I Almost Forgot: Feed In Tariffs From July 1 In Japan

I wish they would come up with a better name than Feed In Tariffs, but ok, we got them, and that is good. It means we are now entering a new era for renewable energy.

Hey, call it whatever you want, a lot of people are going to like this. FIT? No joke. Don't throw a fit!

The system requires utilities to purchase all electricity generated through solar, wind, water and geothermal power, among other eco-friendly sources, at fixed rates for up to 20 years. The costs will be passed onto consumers. The government's generous tariff rates have created considerable interest in the sector, with companies rushing to build massive solar and other power plants based on renewable energies.
Two large solar installations went online in Kyoto, Gunma, Niigata and Fukuoka prefectures the same day. Meanwhile, Kyocera Corp. plans to construct a 70-megawatt solar facility in Kagoshima Prefecture and is scheduled to establish a special company to oversee the project later this month. Mitsu…

Oi Reactor Restart Protests Live: Watching History Live

We are watching Oi protests as thousands of demonstrators are dancing, drumming, chanting "Saikado Hantai!" (No Restart!) and making a massive wall of noise outside the Oi nuclear reactors in Osaka. It is after midnight now, and tens of thousands of people from all over the world are watching this on Ustream and other social media. And the protest is still going strong.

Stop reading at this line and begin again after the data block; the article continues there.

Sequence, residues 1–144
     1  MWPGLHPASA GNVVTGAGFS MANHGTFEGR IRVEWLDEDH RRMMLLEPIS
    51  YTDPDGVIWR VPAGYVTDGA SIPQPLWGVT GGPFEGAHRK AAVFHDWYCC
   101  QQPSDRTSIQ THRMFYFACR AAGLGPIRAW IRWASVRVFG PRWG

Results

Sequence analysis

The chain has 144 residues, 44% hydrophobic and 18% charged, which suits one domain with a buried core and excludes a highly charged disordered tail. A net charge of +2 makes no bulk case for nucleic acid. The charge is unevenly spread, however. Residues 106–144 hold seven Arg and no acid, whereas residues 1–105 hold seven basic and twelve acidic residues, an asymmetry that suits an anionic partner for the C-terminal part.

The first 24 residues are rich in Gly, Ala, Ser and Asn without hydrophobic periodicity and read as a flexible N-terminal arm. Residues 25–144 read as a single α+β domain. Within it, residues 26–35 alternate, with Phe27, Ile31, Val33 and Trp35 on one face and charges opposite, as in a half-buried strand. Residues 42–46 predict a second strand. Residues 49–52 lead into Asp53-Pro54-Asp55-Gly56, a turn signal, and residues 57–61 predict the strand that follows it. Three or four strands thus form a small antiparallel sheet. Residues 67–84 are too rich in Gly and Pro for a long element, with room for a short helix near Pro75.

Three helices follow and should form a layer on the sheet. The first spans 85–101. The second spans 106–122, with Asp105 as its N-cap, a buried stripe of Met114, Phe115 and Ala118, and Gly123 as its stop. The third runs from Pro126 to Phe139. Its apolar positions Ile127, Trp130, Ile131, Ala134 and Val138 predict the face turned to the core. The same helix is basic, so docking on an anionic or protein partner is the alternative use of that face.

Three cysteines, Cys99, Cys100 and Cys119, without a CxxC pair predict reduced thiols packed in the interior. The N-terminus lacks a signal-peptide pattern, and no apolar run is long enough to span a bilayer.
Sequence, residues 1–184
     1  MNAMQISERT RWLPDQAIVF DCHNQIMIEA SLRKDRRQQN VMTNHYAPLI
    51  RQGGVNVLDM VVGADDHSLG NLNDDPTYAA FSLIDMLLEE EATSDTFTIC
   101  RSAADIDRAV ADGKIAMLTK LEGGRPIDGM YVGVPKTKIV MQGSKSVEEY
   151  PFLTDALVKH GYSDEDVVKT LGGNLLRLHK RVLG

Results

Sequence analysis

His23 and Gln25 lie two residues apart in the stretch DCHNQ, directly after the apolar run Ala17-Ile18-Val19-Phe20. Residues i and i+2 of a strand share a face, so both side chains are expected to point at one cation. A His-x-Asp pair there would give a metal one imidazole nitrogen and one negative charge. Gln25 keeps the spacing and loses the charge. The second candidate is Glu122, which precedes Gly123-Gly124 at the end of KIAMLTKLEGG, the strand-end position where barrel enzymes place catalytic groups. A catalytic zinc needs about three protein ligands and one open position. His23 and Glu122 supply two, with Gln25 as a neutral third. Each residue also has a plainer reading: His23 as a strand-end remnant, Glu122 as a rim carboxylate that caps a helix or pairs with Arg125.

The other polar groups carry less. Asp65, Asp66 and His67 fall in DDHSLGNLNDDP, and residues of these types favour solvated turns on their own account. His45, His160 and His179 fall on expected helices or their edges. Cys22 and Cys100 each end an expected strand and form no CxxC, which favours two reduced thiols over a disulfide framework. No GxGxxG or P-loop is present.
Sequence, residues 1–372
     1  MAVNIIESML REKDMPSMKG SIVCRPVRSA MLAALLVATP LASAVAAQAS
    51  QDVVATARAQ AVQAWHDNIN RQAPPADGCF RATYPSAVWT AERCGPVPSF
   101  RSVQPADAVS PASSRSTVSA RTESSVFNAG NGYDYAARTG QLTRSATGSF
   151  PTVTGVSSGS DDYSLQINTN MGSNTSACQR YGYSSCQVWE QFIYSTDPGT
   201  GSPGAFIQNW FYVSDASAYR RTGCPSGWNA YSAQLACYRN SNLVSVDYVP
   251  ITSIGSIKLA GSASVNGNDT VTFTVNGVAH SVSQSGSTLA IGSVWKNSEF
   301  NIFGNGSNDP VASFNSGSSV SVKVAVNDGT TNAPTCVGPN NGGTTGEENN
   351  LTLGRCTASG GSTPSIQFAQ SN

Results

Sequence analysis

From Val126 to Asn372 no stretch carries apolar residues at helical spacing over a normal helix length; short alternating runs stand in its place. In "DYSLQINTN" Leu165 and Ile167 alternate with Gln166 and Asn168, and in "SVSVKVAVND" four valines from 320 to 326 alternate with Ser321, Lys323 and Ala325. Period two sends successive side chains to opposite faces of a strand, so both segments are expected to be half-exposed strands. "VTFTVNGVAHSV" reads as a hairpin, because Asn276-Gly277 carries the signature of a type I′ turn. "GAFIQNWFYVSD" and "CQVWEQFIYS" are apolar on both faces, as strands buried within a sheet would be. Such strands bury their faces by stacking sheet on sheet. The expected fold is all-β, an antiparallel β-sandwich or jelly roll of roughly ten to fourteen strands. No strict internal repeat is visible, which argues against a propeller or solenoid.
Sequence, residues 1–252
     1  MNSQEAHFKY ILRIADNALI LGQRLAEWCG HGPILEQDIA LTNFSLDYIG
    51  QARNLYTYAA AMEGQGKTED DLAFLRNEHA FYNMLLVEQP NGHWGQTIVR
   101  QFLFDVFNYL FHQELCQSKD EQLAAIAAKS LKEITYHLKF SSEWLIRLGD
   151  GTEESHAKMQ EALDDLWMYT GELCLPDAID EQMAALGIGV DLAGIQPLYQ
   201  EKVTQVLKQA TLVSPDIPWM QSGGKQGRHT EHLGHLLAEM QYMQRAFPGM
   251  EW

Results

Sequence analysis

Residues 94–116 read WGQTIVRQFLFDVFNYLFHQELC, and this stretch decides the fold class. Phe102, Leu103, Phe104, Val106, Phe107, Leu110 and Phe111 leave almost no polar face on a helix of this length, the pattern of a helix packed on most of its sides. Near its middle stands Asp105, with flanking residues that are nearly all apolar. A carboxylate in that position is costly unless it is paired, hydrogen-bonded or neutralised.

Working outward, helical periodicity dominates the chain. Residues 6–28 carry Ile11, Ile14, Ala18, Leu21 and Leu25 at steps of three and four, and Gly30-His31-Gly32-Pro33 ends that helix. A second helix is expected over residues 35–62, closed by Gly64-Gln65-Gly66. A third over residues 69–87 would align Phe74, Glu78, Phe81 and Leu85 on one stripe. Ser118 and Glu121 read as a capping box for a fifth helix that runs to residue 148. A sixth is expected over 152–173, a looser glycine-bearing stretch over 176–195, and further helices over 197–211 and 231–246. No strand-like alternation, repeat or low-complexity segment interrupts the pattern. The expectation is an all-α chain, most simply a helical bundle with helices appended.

It feels a bit like watching the Berlin Wall fall...


Some of the comments in English (there are ten times as many in Japanese!):

Massive respect to the PEOPLE of Japan, wish i could be there in more than spirit
We Japanese are thankful to you who are watching from overseas.
Stop "OI"!!!!!!! No nukes!!
No japanese no cry.
RT if you agree this project. Please save children and moms in Fukushima. They are frightened at 

A heroic deed, saving the whole world. Many thanks from Spain!!
Japan has a…

Cleaning AC Muck